first_imgFourteen primary judges and two alternates are chosen for each Games.The team of international technical officials – or judges – for the Tokyo 2020 Olympic Games has been officially announced following its approval by World Archery’s executive board. Making a case for Archery at the Commonwealth Games It is almost the same group that officiated at last year’s Olympic test event. The only change is that Indranil Datta has replaced Lian Wang, who will instead attend the Olympic Games with the Chinese team and officiate at the Paralympics. There are 14 judges plus two alternates on the list. Hannah Brown will act as chair and Robert Erica as deputy, while Vladimir Dominguez takes the role of director of shooting.Advertisement Promoted ContentTop 7 Best Car Manufacturers Of All Time2020 Tattoo Trends: Here’s What You’ll See This YearThe Biggest Cities In The World So FarYou’ve Only Seen Such Colorful Hairdos In A Handful Of AnimeA Hurricane Can Be As Powerful As 10 Atomic BombsTop 10 Most Romantic Nations In The World10 Risky Jobs Some Women Do5 Of The World’s Most Unique Theme ParksA Guy Turns Gray Walls And Simple Bricks Into Works Of ArtThe Highest Paid Football Players In The World8 Things That Will Happen If An Asteroid Hits Earth7 Black Hole Facts That Will Change Your View Of The Universe Two judges, Karla Cabrera and Sabrina Steffens, will officiate at their second consecutive Olympics. Graham Potts, who was chair of the commission at Rio 2016, is a member of the jury of appeal at Tokyo 2020. A further 14 judges plus two alternates have been named for the upcoming Paralympics. That team will be chaired by Bob Pian, has Katy Lipscomb as deputy and Andrea Bortot as its director of shooting. A full list of technical official assignments for the 2020 Hyundai Archery World Cup season is also available. Read Also:IOC, IPC Intervene in WADA-RUSADA Case in Sports Arbitration TOKYO 2020 OLYMPIC GAMES – JUDGESHannah Brown, Great Britain – chairRobert Erica, Netherlands – deputyVladimir Dominguez Ambros, Cuba – director of shootingRinga Baltrusaite, LithuaniaKarla Cabrera, PhilippinesFulvio Cantini, ItalyIndranil Datta, IndiaGuillermina Garcia, MexicoDave Martin, South AfricaKaren Pan, Chinese TaipeiSabrina Steffens, GermanyPecilius Tan, SingaporeSchandorff Vang, Faroe IslandsAlex Vecchio, BrazilDavid Catalan, Spain – alternateLaura Lynne Churchill, Canada – alternateTOKYO 2020 PARALYMPIC GAMES – JUDGESBob Pian, USA – chairKaty Lipscomb, Great Britain – deputyAndrea Bortot, Italy – director of shootingAndrea Aguilar, GuatemalaShahrzad Allahyari, IranRanjan Bhowmik, IndiaCharmaine Ho, South AfricaFrankie Hoong, SingaporeMartino Miani, ItalyFlemming Skjoldborg, DenmarkRubens Terra Neto, BrazilLian Wang, ChinaAlison Hagaman, AustraliaAslihan Unsal, TurkeySaruul Enkhbat, Mongolia – alternateAhmed Koura, Egypt – alternateMore information about judging and a full list of technical official assignments for 2020 can be found online. FacebookTwitterWhatsAppEmail分享 center_img Loading… last_img read more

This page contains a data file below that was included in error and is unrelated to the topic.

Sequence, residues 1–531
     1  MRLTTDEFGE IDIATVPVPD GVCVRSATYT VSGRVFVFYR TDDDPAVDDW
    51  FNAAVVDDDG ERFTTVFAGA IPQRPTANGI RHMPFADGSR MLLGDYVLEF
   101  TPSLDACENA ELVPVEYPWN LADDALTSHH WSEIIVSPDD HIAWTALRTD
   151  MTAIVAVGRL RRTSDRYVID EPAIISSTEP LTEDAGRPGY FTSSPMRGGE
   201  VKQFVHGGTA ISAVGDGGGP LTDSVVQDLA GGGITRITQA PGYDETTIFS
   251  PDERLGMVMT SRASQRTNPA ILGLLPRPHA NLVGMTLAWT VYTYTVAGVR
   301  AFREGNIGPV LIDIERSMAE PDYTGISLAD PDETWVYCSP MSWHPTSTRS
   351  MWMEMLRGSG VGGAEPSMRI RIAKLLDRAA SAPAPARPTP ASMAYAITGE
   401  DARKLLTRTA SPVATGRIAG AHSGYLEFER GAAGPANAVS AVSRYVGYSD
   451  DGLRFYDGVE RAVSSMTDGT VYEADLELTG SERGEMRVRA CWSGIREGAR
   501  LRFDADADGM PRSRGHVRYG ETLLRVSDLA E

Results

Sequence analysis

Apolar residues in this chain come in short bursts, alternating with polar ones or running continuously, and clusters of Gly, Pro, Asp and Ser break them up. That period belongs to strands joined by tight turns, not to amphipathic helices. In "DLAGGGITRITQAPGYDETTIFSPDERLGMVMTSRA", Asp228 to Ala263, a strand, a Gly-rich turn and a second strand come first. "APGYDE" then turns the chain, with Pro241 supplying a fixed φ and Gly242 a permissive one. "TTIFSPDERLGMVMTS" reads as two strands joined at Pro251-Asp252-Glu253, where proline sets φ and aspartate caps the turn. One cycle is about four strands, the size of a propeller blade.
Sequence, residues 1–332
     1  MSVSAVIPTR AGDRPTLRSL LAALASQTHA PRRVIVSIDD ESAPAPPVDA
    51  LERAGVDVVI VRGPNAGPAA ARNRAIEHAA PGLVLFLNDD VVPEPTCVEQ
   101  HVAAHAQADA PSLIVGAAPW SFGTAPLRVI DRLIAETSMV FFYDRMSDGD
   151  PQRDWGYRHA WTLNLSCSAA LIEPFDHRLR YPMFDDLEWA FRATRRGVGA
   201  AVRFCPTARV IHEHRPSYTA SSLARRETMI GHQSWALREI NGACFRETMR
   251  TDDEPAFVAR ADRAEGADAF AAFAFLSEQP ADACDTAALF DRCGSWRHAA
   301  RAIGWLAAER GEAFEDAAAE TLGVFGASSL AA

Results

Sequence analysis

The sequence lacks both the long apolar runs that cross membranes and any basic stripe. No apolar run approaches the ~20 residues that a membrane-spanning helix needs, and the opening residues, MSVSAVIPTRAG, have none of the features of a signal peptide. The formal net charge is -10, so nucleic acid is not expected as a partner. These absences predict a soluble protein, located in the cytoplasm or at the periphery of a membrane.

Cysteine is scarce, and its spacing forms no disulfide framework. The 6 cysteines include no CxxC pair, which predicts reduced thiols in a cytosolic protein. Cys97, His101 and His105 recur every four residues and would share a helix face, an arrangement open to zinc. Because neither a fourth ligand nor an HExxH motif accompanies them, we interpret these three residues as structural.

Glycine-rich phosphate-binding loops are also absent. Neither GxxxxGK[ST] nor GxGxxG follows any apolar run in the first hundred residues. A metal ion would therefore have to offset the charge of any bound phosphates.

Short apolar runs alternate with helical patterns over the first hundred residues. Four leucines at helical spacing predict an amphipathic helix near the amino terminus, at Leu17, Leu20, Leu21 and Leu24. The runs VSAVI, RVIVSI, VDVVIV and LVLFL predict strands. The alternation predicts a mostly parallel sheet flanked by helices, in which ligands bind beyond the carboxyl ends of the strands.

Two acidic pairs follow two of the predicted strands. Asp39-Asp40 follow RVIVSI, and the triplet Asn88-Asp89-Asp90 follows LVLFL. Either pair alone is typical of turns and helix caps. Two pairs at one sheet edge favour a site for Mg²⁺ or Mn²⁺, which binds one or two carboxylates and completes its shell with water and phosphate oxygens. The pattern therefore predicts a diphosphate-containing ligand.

first_img The Irishman was in outstanding form as he took the chequered flag in both races to register the second double win of his career – the first having come at Monza two years ago. Laverty overhauled pole-sitter and championship leader Tom Sykes in both races to move within 26 points of the championship summit, although it appears he may yet be seeking pastures new in 2014 amid rumours Aprilia are keen on hiring Marco Melandri. Writing on Twitter after the second race, Laverty said: “DOUBLE VICTORY!! So pleased to win both races here in Istanbul to put us back into the title fight. “Strange feeling though to win both races and to be on the lookout for a new job. Anyone out there need a fast employee for 2014?” Certainly there should be no shortage of suitors should Aprilia indeed part company with Laverty, who came through to win by two seconds from Melandri in the first race of the day, with Sykes having to be content with third. In race two, Laverty passed Sykes for the lead on the 12th lap and held on to win by a second from the Kawasaki rider, with the second Aprilia of Sylvain Guintoli in third. Although frustrated not to turn his pole positions into wins, Briton Sykes at least had the consolation of increasing his lead in the riders’ standings to eight points over Guintoli thanks to his podium double. Eugene Laverty scored a double victory in Sunday’s World Superbikes races in Istanbul then immediately indicated that he would be released by his Aprilia team at the end of the season.center_img Press Associationlast_img read more